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State Superintendent of Education Cade Brumley looks at damage to West Jefferson High School earlier this month.

Recent articles in The Advocate expressed concern over state Superintendent Cade Brumley’s decision to provide an added local option to choices on managing COVID-19 quarantines in our schools. This opinion piece is not written to advocate for or against this option but to have us think about the major question.

A long-held wisdom is to begin with the end in mind. The truth is that a major unanswered question in this epidemic in our state is, “When does the epidemic end and how does it end?”

The end will not be eradication of the virus. Instead, the goal is to stop the epidemic by managing the disease. Safe and effective vaccines, considerable natural immunity, and very promising therapeutics are having an impact. This virus will likely not be the dominant force in our lives too much longer.

The Brumley option was to reconsider the benefits and risks of one of the mitigation strategies in our schools. Since each of these mitigation strategies brings with it significant disruption and unintended consequences, considering a reversal of restrictions is just as important as the initiation of restrictions. Because the natural history of viral surges is predictable, we should be dialing masks, quarantines, and social distancing up and down, depending on the viral load of the local community.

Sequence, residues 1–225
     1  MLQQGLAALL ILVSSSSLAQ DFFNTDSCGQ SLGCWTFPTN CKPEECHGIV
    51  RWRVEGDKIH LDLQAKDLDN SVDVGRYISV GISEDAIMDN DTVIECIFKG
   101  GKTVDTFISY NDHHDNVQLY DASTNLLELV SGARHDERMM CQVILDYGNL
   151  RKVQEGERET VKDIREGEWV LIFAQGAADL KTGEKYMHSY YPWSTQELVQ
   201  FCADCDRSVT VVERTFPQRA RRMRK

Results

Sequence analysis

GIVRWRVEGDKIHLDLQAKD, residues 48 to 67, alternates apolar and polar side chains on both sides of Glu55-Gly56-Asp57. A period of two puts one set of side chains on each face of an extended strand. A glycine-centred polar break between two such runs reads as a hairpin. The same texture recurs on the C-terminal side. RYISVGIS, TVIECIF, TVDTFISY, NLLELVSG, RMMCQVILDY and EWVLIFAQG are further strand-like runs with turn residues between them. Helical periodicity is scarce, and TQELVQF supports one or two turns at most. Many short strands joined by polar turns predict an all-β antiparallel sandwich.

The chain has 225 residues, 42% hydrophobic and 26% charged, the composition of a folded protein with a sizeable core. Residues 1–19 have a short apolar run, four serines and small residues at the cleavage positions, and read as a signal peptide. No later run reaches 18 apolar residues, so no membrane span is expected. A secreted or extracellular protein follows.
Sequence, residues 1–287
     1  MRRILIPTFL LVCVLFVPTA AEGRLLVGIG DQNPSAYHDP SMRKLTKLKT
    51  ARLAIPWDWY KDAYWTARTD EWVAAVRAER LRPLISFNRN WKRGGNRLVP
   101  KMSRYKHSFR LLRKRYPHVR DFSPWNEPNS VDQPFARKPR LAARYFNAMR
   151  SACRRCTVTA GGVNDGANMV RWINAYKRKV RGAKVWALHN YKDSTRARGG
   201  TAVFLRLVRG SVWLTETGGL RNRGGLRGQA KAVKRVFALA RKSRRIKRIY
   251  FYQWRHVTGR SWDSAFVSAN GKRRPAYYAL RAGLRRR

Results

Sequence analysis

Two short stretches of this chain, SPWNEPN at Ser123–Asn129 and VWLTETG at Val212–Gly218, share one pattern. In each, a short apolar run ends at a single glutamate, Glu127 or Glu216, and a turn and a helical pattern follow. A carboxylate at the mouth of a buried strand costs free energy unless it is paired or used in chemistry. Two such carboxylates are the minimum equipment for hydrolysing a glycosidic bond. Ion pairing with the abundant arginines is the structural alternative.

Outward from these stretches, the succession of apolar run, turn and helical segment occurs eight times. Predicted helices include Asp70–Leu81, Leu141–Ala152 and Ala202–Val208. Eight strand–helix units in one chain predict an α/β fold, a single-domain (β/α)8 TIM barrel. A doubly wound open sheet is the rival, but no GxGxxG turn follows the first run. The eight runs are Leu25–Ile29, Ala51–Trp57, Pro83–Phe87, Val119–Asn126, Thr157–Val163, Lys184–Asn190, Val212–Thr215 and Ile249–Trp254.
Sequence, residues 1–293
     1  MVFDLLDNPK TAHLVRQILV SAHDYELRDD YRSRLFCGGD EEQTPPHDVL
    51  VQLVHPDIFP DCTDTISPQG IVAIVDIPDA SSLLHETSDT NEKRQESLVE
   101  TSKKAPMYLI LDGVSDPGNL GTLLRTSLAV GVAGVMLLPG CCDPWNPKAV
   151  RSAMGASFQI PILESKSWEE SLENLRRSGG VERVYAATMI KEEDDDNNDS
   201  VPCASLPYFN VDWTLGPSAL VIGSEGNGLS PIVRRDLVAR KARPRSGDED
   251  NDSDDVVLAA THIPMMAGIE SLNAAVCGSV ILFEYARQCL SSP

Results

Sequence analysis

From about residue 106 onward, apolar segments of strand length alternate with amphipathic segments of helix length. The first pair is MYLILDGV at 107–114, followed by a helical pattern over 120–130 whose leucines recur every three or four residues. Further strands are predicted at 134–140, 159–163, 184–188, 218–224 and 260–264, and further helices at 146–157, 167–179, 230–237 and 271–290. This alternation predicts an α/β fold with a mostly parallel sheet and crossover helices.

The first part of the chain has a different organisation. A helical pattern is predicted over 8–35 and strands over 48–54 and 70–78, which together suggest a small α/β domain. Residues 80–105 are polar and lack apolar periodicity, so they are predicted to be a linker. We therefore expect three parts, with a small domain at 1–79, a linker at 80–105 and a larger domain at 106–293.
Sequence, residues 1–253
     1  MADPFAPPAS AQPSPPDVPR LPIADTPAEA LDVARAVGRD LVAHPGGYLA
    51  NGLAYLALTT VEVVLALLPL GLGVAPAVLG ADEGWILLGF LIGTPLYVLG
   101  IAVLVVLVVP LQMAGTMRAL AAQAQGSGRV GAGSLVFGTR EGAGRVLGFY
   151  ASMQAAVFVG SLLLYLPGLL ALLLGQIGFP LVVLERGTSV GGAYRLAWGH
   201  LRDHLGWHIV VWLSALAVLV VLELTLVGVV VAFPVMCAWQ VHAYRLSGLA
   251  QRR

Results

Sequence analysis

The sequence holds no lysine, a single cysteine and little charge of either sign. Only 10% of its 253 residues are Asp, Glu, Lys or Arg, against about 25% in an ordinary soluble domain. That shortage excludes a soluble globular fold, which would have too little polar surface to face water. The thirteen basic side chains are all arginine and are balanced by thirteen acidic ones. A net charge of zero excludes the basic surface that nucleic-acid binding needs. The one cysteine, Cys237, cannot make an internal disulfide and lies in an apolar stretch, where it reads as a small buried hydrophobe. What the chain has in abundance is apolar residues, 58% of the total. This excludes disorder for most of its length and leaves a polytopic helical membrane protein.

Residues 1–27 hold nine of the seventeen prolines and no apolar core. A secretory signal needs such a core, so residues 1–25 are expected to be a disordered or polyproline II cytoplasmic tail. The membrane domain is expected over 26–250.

There are things we should always do: We should always encourage vaccines in adults, especially in the older, overweight, immunocompromised, or pregnant. We should continue to invest in research in new therapeutics. We should make an effort to develop an Operation Warp Speed for therapeutics. And we should make sure we don’t make the same mistake again of economic lockdowns and closure of schools for in-school learning.

No matter what happens with Brumley’s local option, we need to be preparing to roll back quarantines, social distancing, and masking mandates in schools as the viral surge continues to abate. We need to do it in a stepwise fashion as proposed by Brumley and we need to start as soon as possible, and complete it as soon as possible. If a new variant emerges, we can mask up again. But in the meantime, we need to get our schools, our economy, and our communities back on track.

PHILLIP ROZEMAN

physician, education activist

Shreveport